I have a post on sealing brand new saltillo tile here, but this is how I sealed these older tiles. Remember to use a water based sealer!!! Below is the sealer I used from Home Depot, but you can find a sealer at any home improvement store. This one has a wet-look, but there are also low gloss sealers. Choose whatever you like.

 I put in on using a mop and basically just apply it the same way you would if you were mopping your floor with water.

It will have dark patches and look streaky at first, but that will disappear as it dries.

 These streaks will not be noticeable when dry.

Dark patches will lighten when dry.

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Above are the tiles still wet with one coat of sealer. Below is two coats after they've dried (here in dry/warm Arizona it takes each coat about 4 hours to totally dry).

Finished floor with two coats of sealer. If you have brand new tiles I recommend three coats because most of the first coat will be totally absorbed by the tiles.

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Feel free to email me with any questions you may have!! My email address is in the comment section at the bottom of this post.


Here are a couple more pictures to show how the high gloss sealer, over time and with foot traffic, buffs out into a more eggshell gloss.

The tiles above have the "high gloss" sealer that is approximately 1 year old, but I find that they dull to the eggshell finish in a couple of weeks; less time even if it's a high traffic area. I really like this look, I'm just mentioning this in case you want high gloss and are expecting it to remain high gloss.

Picture above is "high gloss" just an hour after application.


Saturday, March 7, 2015


I've started to get back to gardening now that the weather is so perfect. I also installed a fountain in the front courtyard. 

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I bought the floor sample here. It was the exact style, size, and color that I wanted and I like fountains that look a little old and worn, so the floor sample was perfect. This particular fountain is made by Al's Garden Art and is the Espana model in the color Rustico (light rust color when dry and very dark brown when wet). They sell to retailers around the US and there is a search on their website for you to find a local retailer. 

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During paver install I had run conduit under the pavers right where the fountain is because I knew this was where I wanted a fountain to be and we also needed a path for the drip system hoses to reach all the planters. Well... I realized that the drip hose is taking up most of the space in the conduit, so I had to run a new one. I forgot to take pictures, but it wasn't that big of a deal to lift up a section of pavers to run a new conduit. This conduit is for the fountain's water supply and the pump's electric.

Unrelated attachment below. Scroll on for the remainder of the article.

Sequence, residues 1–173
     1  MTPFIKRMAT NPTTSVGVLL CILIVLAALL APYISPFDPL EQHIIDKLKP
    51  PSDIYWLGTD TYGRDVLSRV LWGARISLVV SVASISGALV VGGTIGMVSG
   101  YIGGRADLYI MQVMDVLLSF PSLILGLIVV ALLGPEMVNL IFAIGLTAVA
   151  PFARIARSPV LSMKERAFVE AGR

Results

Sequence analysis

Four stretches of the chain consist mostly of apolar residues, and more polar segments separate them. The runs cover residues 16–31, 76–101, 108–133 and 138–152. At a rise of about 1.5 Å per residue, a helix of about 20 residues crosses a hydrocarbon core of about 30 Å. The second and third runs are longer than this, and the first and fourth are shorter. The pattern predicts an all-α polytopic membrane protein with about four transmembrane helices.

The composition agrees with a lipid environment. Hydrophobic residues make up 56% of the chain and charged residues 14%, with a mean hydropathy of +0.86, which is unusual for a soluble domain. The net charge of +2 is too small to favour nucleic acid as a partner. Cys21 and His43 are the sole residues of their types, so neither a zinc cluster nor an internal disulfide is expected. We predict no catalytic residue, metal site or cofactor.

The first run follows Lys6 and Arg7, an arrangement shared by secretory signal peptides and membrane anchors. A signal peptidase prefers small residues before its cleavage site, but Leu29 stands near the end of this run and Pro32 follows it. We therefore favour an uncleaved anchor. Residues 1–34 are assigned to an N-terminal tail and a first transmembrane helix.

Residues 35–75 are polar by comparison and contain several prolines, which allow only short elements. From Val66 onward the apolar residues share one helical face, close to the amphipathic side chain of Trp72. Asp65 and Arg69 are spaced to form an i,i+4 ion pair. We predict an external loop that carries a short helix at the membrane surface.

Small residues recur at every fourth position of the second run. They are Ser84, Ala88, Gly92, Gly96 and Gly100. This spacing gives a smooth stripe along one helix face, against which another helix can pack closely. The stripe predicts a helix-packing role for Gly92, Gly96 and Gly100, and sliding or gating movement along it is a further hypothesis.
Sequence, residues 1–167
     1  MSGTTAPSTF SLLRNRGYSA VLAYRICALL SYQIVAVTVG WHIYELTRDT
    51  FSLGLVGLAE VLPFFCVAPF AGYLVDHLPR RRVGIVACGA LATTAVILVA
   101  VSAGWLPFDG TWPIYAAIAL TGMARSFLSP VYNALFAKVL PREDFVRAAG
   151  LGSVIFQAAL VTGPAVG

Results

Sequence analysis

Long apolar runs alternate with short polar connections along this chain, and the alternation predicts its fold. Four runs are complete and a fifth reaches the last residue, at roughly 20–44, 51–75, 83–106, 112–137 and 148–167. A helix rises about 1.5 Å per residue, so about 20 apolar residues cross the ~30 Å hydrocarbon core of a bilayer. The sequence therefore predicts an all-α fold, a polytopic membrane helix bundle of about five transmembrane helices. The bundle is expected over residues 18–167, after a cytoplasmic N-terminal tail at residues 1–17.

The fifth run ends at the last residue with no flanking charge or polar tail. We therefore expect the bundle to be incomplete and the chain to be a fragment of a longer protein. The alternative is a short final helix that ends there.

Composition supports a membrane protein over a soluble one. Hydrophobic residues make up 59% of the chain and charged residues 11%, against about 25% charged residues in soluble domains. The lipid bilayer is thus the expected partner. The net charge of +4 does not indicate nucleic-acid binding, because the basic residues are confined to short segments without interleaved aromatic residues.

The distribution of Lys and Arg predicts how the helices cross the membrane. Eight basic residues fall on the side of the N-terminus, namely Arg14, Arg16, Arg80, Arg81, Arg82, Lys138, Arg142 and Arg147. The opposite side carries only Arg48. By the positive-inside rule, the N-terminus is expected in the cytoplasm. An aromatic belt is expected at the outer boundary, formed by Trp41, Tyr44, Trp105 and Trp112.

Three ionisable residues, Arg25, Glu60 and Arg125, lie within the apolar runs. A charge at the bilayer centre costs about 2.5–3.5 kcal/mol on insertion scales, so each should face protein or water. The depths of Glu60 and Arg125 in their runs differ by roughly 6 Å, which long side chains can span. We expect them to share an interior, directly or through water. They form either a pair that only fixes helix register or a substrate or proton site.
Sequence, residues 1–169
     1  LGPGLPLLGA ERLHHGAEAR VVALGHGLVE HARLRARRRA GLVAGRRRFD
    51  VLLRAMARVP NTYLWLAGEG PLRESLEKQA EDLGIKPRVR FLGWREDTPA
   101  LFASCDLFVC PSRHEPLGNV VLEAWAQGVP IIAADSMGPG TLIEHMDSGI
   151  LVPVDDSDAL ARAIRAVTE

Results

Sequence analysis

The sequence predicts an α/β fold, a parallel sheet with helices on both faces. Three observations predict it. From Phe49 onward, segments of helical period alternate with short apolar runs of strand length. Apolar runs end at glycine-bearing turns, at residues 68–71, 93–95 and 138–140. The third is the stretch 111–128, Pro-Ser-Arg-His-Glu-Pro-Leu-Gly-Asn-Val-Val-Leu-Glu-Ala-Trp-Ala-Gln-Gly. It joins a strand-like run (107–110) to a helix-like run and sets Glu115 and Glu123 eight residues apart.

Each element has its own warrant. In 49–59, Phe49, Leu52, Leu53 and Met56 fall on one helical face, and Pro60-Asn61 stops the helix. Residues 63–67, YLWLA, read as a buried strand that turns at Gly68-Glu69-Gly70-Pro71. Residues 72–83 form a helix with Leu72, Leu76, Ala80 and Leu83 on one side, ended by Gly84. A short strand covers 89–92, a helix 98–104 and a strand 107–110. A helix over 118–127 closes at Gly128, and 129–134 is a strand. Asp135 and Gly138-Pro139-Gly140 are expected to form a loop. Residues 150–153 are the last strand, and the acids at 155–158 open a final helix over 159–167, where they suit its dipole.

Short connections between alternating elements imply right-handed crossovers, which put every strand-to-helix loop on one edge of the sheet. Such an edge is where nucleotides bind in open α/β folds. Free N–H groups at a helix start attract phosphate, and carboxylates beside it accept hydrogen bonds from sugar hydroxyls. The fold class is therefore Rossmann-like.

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I had the fountain company deliver and set up the fountain. It's about 660 pounds, so it's a bit too heavy to be a DIY for us. The delivery also included an auto fill valve set up. They set the bottom basin on carpet padding to compensate for any unevenness in the pavers. The bottom basin could crack if placed on a hard uneven surface.

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 Pump from Home Depot. **I found the "flow control" to be totally useless! I ended up adding a T valve to have better control of the water flow.**

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The auto fill valve is connected to a hose bib using small drip line.

Because this fountain is 52" high with only a 46" inch bottom basin, there will be a certain amount of splash-over. This can be controlled by the flow of your pump and the height of the water line in the bottom basin. I had to turn the pump down to just a trickle in order to have zero splash-over. The sound is till nice with the flow so low.

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 Splash-over with pump on full power.

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Turned the pump down using a T valve added to the tubing after the pump. No splash-over. That's the refill-valve floater there in the bottom basin and the white on the right side of the basin is water deposits from all the over splash after a few days. Since I've turned the flow of the pump down and we had some rain, the deposits vanished on their own.

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I'll work on adding a link with a video of this fountain (and some of the other fountains I looked at) so you can hear how it sounds at different speeds. I know that's important to some people. When I went fountain shopping it was amazing how all the fountains sound different. I even thought some had an annoying sound, so I recommend you try to listen to any fountain running (if you can) before buying.